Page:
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9/11 Address to the Nation - George W. Bush

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Paul Radakovics

on 28 November 2013

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Transcript of 9/11 Address to the Nation - George W. Bush

9/11 Address to the Nation
by George W. Bush

Historical Importance
Defining moment in the Bush presidency
Changes in American foreign policy
Military interventions in Afghanistan and Iraq
Why is it considered one of the most important American speeches?
reaction to one of the biggest events in world history
Background Information
Analysis of Speech
Very brief - only about 4 minutes
Outlined his intended response to attacks
Many audiences
Used many rhetorical devices
Terrorist attack committed by al-Qaeda
Four US passenger airplanes were highjacked and flown into the Twin Towers, Pentagon and a field in Pennsylvania
Twin Towers After 9/11
Several countries featured this event as a headline in newspapers and magazines
pivotal point in American foreign policy
to unite a nation that has been attacked
Rhetorical Devices I
Metaphor: "These acts shattered steel, but they cannot dent the steel of American resolve."

Personification: "Today our Nation saw evil, the very worst of human nature."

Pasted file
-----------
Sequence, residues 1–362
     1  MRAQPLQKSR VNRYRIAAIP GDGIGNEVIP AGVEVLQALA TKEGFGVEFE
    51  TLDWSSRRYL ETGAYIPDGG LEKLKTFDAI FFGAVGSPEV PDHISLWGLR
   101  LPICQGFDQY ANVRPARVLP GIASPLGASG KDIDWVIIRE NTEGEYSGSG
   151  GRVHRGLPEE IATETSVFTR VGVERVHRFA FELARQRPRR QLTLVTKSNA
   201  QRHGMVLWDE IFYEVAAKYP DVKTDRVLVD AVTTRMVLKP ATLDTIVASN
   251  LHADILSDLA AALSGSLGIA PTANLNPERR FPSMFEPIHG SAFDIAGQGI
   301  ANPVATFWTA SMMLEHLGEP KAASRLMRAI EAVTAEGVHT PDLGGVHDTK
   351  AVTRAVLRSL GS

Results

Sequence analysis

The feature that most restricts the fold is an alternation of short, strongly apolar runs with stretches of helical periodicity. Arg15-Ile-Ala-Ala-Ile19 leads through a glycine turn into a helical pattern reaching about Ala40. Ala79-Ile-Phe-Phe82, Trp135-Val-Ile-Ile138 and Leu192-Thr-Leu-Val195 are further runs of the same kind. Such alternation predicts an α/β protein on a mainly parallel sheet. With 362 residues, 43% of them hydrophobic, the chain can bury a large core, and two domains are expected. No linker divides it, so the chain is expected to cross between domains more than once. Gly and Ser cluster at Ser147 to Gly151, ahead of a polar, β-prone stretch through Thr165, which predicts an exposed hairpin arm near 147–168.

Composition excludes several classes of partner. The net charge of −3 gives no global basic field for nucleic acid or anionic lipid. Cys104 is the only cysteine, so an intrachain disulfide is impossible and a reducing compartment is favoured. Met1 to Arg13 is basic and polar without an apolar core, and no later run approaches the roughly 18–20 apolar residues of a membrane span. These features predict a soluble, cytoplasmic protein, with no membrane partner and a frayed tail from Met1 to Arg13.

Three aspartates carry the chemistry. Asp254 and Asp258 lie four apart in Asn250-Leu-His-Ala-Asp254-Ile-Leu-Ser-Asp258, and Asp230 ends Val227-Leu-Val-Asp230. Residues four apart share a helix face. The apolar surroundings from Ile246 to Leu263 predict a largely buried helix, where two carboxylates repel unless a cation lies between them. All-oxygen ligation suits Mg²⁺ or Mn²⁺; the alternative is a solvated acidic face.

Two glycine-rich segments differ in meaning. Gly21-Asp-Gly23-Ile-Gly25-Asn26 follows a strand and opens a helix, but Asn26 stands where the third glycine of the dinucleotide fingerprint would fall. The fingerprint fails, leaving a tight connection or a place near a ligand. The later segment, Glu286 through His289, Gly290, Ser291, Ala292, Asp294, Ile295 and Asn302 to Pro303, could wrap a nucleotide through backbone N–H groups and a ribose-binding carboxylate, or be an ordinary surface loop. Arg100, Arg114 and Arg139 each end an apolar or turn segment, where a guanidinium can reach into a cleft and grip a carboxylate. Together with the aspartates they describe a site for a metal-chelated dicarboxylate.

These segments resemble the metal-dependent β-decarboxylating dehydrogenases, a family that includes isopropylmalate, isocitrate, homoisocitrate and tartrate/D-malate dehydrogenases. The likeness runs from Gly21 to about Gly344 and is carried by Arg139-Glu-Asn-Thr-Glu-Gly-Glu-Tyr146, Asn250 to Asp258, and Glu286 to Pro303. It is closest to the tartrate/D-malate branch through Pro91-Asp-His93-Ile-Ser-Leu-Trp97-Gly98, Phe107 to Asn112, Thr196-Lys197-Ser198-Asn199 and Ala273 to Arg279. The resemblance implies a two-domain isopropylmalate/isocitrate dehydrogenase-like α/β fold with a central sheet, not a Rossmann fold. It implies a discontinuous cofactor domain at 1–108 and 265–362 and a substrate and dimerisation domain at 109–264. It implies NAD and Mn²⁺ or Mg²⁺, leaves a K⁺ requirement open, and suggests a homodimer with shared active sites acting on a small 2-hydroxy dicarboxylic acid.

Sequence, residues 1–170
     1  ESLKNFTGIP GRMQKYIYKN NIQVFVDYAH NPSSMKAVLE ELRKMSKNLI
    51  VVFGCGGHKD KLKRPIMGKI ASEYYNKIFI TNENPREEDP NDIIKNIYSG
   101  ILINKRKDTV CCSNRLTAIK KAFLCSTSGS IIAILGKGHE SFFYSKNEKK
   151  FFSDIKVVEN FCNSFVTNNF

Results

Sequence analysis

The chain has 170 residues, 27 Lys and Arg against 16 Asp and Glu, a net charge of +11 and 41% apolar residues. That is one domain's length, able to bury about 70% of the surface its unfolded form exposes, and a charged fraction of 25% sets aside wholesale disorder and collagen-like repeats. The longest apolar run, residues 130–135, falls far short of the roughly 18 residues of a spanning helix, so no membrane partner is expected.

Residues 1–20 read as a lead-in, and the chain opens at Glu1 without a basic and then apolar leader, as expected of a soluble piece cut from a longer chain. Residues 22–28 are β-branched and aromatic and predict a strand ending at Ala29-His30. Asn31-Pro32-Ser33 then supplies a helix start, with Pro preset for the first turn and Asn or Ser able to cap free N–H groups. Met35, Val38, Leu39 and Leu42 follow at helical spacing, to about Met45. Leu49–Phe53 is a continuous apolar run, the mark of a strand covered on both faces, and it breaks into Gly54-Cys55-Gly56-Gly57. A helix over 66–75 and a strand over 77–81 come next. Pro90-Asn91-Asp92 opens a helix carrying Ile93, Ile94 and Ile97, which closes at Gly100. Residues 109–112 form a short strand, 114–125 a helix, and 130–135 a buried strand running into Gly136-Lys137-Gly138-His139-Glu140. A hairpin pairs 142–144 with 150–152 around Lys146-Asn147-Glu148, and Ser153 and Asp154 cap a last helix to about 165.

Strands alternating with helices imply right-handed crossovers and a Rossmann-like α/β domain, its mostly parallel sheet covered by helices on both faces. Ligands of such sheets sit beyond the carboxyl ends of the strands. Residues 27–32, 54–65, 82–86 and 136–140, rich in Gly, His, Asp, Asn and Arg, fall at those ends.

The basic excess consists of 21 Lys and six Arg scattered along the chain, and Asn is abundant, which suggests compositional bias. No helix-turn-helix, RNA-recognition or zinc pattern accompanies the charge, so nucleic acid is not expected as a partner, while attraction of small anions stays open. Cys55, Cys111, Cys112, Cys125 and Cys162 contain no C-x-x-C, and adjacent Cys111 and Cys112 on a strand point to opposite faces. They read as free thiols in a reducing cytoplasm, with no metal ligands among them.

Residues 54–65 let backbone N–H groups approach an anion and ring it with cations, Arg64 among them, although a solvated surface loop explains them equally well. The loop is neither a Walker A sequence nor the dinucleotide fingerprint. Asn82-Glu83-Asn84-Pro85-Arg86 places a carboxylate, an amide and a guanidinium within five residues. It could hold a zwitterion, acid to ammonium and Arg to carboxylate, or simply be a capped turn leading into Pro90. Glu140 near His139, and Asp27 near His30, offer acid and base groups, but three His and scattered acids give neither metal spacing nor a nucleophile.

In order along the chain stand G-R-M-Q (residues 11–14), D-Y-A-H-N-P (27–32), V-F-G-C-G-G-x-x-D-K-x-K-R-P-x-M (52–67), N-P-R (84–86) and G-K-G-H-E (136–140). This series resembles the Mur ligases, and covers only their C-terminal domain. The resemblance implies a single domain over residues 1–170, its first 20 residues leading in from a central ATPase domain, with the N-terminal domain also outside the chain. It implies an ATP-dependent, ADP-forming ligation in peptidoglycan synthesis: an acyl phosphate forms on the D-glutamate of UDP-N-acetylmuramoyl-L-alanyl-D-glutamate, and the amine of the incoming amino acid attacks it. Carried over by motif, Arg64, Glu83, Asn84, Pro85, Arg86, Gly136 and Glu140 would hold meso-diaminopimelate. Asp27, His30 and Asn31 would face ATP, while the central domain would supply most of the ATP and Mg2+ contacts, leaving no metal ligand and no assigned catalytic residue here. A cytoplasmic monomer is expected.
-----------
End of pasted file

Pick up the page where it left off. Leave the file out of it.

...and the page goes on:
Anaphora: "Tonight I ask for your prayers for all those who grieve, for the children whose worlds have been shattered, for all whose sense of safety and security has been threatened."
Speech was given by George W. Bush
In the Oval Office
At 8:30 pm
Body language
Rhetorical Devices II
Logos: "These acts of mass murder were intended to frighten our nation into chaos and retreat."

Allusion: "Even though I walk through the valley of the shadow of death I fear no evil for you are with me."
presentation by: Paul Radakovics
Syntax and Diction

short, declarative sentences
a lot of commas, pauses
cumulative sentences

every word is understood
clear, concise
Our country is strong.
And no one will keep that light from shining.
Today, our fellow citizens, our way of life, our very freedom came under attack in a series of deliberate and deadly terrorist acts.
The victims were in airplanes or in their offices: secretaries, business men and women, military and federal workers, moms and dads, friends and neighbors.
Full transcript